Korean Short Rib Bibimbap with Rachel Yang

“If you are going to break the rules, you better know the rules,” says Rachel Yang, chef owner of Revelry. Rachel and her husband, Seif Chirchi, have risen in Portland’s culinary scene by, among many things, honoring authentic cuisine through reinvention. I sat down with Rachel to discuss a dish close to her heart — Korean bibimbap — to better understand how she integrates creativity and tradition....

The Fate of Downtown Portland’s Food Carts

About a year ago, The Oregonian’s Luke Hammill reported that Greg Goodman, the former "parking baron" and the man behind the Downtown Development Group, was floating a plan that could literally transform the city center’s landscape....

West Coast Gold

“This is West Coast gold,” Phil Allen says gleefully as he plops a Dungeness crab the size of a dinner plate into a five-gallon bucket. We’re perched on a shoulder of boulders that comprise the North Jetty of the Columbia River’s vast mouth, where it thrashes into the Pacific Ocean at Cape Disappointment....

Spring Brunch

Gradually, our days begin to lengthen. Young leaves unfurl in the warmth, and blossoms begin their glorious show. It feels as if the world has come alive, all sparkling and new. There is nothing like a good dose of spring to remind us of hope and rebirth. The seeds we have planted begin their journey towards becoming. The air buzzes with aliveness one can almost feel when paying attention. ...

Plant Perennials For the Garden that Keeps on Giving

It is surely the biggest flower that you’ll ever eat, and the only one with a heart. But if you’re not careful, its spiky petals can prick your fingers, and you might be unpleasantly surprised by a squirming, pincered earwig climbing out of the bud. This mystery vegetable is, of course, the artichoke, and it’s one of more than a dozen perennial vegetables that can be easily grown to provide food year after year with much less care than anything coming out of your annual vegetable patch....

A Cricket a Day…

Would you eat a cricket? Or maybe the better question is: Why wouldn't you eat a cricket? Roughly 80% of the world already eats insects, from grasshoppers to centipedes. Scientific studies show that crickets are highly nutritious, able to compete with mainstream meats in supplying protein and amino acids. And their production carries a tiny fraction of the environmental costs of raising traditional livestock: fewer greenhouse gasses, less water use, and virtually no deforestation....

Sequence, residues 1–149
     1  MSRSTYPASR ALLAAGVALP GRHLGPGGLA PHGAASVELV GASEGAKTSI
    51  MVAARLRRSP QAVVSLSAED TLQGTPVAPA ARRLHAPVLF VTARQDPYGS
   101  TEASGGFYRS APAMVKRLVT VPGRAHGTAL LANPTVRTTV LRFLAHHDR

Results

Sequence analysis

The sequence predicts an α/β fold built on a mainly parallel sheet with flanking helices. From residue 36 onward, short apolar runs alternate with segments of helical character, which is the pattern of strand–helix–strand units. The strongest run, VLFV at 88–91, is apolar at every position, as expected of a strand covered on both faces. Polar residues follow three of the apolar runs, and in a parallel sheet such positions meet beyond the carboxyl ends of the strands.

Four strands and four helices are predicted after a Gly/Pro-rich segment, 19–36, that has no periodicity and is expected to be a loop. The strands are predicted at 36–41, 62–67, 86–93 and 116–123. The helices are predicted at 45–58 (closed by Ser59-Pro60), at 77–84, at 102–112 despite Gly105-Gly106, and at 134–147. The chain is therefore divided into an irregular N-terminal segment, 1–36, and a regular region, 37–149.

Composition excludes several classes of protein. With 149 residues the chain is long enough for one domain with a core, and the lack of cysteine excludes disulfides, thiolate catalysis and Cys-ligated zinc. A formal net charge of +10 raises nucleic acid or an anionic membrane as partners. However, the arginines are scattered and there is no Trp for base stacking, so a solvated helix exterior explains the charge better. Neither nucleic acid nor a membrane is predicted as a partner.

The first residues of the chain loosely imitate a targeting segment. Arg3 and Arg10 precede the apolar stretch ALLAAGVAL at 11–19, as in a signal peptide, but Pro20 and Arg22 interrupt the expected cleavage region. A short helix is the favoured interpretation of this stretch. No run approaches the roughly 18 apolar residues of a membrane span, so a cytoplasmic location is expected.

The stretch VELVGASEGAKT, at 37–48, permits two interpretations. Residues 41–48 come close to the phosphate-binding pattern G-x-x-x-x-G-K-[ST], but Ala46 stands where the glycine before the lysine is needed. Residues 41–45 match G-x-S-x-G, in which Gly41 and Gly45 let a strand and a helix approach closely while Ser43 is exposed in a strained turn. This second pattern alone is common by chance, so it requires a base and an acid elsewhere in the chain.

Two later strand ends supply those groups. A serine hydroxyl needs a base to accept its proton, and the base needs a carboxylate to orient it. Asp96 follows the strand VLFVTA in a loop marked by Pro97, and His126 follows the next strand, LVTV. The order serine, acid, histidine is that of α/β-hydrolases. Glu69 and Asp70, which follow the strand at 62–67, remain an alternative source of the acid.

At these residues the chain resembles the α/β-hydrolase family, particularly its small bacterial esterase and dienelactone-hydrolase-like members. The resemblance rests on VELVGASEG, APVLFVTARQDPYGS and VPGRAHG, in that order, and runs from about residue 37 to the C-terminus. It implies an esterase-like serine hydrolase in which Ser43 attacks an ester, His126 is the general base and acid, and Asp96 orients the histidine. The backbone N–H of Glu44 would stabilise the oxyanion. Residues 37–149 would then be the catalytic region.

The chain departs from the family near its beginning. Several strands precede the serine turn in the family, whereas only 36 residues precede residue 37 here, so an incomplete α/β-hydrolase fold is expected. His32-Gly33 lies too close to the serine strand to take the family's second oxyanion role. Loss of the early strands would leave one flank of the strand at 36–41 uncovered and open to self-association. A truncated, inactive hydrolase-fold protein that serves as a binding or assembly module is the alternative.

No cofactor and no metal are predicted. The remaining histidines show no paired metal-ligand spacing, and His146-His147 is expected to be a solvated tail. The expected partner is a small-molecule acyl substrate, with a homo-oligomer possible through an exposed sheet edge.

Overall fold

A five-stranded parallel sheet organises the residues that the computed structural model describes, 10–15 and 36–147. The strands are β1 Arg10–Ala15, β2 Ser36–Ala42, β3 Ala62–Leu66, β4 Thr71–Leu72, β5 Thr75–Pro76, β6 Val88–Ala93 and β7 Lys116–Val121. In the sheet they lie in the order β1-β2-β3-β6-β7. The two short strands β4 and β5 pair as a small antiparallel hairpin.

Emerald Forest Cake

At this time of year, a trip to the farmers market yields slim pickings for the seasonal cake baker, and for a time, this seasonal cake-recipe writer was similarly lacking in inspiration, until I turned my attention to all the wonderful local products in our store cupboards and freezers. As thoughts of hand-crafted chocolate and succulent frozen cherries came to mind, I started mulling a Pacific Northwest version of a traditional Black Forest Cake. After some local and seasonal substitutions, the result was a take on the cake that might be better than the original....

Agrarian Revolution

The road to Agrarian Ales, just north of Eugene, winds gently through the town of Coburg, full of antiques shops and charm, before giving way to flat farmland nestled between the Coast Range to the west and the Coburg Hills to the east. Here, near the confluence of the McKenzie and Willamette rivers, rich soils support a thriving, decades-old farming community, along with a smattering of new agrarian endeavors....

Carlo Lamagna’s Marinated Oregon Seafood

Clyde Common is a beacon in Portland’s culinary scene. Opened in May 2007, the spacious restaurant/bar is a great place for face-to-face conversation with friendly strangers, spot-on service, cocktails that seem to disappear without a trace, and cuisine that makes your palate sing....

Honey Mama’s Aims to Sweeten Your Life—Sans Sugar, of Course

Christy Goldsby says she’s never been much of a sweets person — not when she helped run Blue Gardenia, her family’s now-shuttered Mississippi Avenue bakery, and not today. That’s not the stance you’d expect someone to take as she heads a growing company that produces cacao and honey nectar–sweetened snacks. But Christy’s Honey Mama’s Cacao-Nectar Bars aren’t your normal sweets, either. They’re vegan, gluten-free, soy-free, and, with the exception of the cacao that’s roasted into some of her 3-ounce bars, raw, as well....